Although it won’t be official until the U.S. District Court judge presiding over the case gives final approval, probably sometime in the fall, Volkswagen today announced that they’d reached a settlement agreement of roughly $15.3 billion with federal regulators and private plaintiffs. After the company filed a proposed consent decree with the court, the U.S. Department of Justice gave its stamp of approval.
From that $15.3 billion, just over $10 billion is earmarked for owners of the 475,000 Volkswagen and Audi cars equipped with the 2.0-liter TDI turbodiesel engine. As part of the Volkswagen settlement, the carmaker will offer to buy back each of the affected cars based on its value as stated in the September 2015 edition of the NADA Used Car Guide. In addition to covering the value of the car, each owner will also receive at least $5,000 in compensation, according to Reuters.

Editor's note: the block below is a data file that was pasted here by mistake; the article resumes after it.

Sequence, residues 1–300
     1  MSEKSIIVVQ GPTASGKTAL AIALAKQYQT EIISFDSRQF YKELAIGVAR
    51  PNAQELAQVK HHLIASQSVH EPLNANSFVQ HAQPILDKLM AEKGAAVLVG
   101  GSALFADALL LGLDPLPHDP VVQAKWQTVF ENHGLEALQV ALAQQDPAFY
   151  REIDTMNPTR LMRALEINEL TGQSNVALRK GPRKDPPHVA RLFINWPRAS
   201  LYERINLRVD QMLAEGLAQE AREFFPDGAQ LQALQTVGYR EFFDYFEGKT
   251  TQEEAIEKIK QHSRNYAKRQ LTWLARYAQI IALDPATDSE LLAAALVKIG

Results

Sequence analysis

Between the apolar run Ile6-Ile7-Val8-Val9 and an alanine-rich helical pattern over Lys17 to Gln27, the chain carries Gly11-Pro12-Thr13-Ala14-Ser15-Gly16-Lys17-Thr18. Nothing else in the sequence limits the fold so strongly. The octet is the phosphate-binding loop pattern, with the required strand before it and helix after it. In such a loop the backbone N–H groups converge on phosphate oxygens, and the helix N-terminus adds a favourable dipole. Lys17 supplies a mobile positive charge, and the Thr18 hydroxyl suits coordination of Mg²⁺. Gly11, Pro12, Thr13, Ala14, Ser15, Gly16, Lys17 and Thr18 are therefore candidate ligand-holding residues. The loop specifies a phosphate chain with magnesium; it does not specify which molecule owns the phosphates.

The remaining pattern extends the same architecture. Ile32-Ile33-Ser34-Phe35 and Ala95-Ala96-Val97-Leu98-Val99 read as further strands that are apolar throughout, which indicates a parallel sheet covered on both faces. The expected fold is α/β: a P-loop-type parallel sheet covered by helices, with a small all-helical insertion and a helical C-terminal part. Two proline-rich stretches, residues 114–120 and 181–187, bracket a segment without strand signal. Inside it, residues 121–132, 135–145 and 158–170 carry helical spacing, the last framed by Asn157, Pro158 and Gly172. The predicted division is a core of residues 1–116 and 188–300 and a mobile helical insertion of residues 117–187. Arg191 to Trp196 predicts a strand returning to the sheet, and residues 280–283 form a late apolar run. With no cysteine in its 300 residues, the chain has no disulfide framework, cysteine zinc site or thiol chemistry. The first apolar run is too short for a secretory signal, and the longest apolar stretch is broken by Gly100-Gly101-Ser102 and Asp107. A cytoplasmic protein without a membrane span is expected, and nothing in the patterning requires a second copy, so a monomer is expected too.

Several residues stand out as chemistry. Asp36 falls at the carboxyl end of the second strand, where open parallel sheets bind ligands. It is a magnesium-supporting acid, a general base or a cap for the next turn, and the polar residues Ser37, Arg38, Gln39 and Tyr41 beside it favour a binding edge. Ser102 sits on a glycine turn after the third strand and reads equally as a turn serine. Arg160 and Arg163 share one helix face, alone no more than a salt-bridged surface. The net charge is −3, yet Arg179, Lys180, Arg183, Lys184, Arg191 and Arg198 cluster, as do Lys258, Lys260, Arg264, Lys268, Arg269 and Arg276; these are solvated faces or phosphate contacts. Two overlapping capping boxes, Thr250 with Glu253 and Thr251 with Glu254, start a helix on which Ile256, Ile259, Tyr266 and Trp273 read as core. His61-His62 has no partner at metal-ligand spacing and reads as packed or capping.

The settlement also allows owners to opt for having Volkswagen fix and keep their cars once such a fix is approved by the government. If owners choose this option, Volkswagen will make the fix for free and still compensate the owner with a cash amount. The settlement deal also includes early termination without penalty of any leases involving the affected cars. Again, Volkswagen will offer cash compensation in these cases, in addition to terminating the lease.
Other major payouts from the $15.3 billion are $2.7 billion to an environmental trust for managing nitrogen-oxide emissions from diesel engines and a $2 billion investment in zero-emissions infrastructure. Also set aside in the settlement is more than $600 million to resolve existing and potential state consumer-protection claims related to the problem cars in 44 states, Puerto Rico and the District of Columbia.
Volkswagen and the government have yet to agree on how to address the more than 80,000 Audi, Volkswagen and Porsche cars with the 3.0-liter TDI engines, which are not included in today’s Volkswagen settlement announcement.